DIVESTING

IMAGINE A PHOTO HERE OF A CUPBOARD THAT IS SO CLEAN AND MINIMAL THAT THERE ARE ONLY FOUR TUPPERWARE CONTAINERS ON ONE SHELF,  AND THE OTHER THREE SHELVES ARE TIDY, ORGANIZED, AND CLUTTER FREE.  This is because my image “adder” button on my blog dashboard seems not to be working. 

We had a massive purge recently. It was pouring outside, and we were casting around for something to do. So I suggested we go through the cupboards. Whew.

Here is the thing: when you live in a house with tons of storage for thirty years, all those shelves, attic rooms, basement expanses, and charming “cubbyholes” fill up. The path of least resistance: why think about whether or not you might need something in the future if you can just shove it on a shelf somewhere and forget about it? No need to agonize about those three pewter napkin rings and where the fourth one disappeared to, right? It’s possible that we might have a single dinner guest sometime. Speaking of dinner, doesn’t everybody have seven sets of placemats? And a series of Christmas mugs with holly sprigs on them that you have never really liked, but heck, there is room on the shelf for them?

So we started going through everything. Right pantry cupboard, top shelf. One time I had a brunch. It was outside in the Spring. I must have thought all the guests were klutzy, because I felt it necessary to purchase twenty four white plastic mugs for the coffee, along with the same number of matching “luncheon” sized plates. I have no memories whatsoever of the party. Furthermore, I have not used either mugs or plates ever again, and yet there they have been, waiting, ever since. To Goodwill.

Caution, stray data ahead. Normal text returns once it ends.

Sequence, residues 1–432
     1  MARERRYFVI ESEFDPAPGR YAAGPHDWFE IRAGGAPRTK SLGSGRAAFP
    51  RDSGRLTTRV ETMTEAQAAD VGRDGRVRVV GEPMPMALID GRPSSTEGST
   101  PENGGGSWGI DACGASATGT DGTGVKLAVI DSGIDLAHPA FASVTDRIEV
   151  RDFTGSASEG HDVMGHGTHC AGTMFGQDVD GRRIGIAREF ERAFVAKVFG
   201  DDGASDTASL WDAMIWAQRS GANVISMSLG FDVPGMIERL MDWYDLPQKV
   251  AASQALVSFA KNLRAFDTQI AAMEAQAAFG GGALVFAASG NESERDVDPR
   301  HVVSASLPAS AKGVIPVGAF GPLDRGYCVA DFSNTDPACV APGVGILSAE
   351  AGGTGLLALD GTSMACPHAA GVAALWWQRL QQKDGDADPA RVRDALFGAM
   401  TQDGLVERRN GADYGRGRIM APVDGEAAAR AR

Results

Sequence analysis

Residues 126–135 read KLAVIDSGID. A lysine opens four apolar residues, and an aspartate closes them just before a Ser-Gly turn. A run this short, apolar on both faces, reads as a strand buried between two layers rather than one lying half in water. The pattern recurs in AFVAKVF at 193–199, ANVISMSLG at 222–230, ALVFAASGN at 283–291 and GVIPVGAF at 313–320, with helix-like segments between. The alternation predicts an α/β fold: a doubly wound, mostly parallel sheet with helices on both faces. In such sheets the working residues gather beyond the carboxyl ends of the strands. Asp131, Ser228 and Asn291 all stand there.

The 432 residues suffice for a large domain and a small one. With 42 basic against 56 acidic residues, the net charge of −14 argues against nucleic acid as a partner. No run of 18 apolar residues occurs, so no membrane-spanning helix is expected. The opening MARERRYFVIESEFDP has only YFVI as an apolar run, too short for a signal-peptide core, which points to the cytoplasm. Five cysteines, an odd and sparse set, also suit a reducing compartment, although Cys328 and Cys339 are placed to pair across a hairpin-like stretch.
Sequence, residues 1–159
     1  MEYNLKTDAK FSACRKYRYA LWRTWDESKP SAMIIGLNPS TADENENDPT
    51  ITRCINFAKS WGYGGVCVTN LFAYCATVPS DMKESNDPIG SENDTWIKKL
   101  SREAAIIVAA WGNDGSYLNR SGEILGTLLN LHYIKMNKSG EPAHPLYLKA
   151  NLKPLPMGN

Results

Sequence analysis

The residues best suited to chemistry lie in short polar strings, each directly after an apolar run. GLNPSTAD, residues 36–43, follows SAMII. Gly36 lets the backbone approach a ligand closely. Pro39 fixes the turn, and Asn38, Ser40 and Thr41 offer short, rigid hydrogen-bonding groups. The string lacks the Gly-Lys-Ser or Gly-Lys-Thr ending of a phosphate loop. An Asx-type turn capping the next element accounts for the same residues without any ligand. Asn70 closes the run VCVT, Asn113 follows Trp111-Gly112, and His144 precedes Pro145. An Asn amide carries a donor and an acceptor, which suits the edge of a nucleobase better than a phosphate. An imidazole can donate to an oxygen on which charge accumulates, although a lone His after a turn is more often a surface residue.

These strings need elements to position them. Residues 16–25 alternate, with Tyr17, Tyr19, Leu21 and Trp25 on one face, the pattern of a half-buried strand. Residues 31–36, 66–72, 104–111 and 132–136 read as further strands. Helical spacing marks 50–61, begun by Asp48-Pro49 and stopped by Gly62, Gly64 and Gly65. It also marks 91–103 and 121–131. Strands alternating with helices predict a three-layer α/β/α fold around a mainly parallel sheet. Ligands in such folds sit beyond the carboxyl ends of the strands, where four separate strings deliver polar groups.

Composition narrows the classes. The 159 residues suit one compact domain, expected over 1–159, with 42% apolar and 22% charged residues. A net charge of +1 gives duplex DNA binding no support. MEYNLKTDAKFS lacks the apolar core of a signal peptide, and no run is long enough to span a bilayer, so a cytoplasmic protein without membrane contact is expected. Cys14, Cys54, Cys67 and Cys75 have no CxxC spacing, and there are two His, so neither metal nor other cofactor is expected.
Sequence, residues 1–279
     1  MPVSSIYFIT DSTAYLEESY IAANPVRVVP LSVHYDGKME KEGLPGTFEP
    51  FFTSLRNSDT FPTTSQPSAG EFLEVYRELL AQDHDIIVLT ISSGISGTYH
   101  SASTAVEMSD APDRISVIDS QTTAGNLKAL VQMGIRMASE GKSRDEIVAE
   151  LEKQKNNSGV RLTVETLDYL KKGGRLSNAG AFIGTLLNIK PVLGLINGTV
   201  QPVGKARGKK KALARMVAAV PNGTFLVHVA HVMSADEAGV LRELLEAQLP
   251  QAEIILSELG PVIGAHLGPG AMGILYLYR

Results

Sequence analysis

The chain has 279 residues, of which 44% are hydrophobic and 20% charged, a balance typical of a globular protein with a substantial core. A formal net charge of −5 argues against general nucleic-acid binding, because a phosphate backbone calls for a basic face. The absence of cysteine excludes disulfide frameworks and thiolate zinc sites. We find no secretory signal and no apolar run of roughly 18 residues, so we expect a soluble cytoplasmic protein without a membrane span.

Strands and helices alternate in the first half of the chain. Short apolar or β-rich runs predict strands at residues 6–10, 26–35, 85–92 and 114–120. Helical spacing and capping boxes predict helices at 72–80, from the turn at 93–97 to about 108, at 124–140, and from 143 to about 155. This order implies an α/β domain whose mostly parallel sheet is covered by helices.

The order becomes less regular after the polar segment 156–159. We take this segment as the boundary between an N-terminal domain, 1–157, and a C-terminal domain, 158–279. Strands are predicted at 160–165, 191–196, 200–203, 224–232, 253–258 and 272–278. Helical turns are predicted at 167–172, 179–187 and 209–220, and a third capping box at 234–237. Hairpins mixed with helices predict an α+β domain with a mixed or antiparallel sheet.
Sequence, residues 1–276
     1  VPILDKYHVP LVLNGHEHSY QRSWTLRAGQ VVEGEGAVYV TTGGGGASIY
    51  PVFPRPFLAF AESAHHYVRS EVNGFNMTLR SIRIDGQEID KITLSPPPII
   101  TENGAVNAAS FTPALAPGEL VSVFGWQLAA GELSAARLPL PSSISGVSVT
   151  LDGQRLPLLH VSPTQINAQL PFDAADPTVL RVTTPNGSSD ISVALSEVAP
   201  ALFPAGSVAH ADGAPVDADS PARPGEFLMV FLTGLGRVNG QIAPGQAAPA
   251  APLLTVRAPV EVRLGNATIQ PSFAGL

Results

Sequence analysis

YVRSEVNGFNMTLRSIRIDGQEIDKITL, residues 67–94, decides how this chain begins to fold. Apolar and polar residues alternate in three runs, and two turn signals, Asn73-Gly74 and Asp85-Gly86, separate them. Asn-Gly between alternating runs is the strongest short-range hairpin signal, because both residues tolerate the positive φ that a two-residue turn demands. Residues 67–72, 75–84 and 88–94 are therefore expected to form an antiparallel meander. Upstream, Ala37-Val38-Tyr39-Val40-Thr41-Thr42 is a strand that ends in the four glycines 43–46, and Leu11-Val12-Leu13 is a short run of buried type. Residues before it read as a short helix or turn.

Doesn’t everybody have four egg coddlers?

How about Aspirin with an expiration date of April, 2005? Five sleeves of cotton pads? A giant pack of travel size Metamucil (what vacation was that)?

We also came across an entire drawer of those booklets you get when you buy a new appliance. You know, the ones that tell you about the warranty, how to troubleshoot, and who to call when something goes wrong before the warranty expires? We found the one from the washing machine we bought in 1972. The warranty has expired. 

Plastic containers, my Lord. There were millions of them. We got it down to four. For a person that hasn’t been to the gym in seven years, I had ten water bottles. We haven’t had a cookout in at least a decade, so we determined that we no longer need two dozen of those basket things  to put under cheap, flimsy paper plates. 

It was a long afternoon. We felt triumphant afterwards, and we both took naps.

But in the back of my mind, there is a little, worried voice:

“What if you decide to have a brunch?”

 

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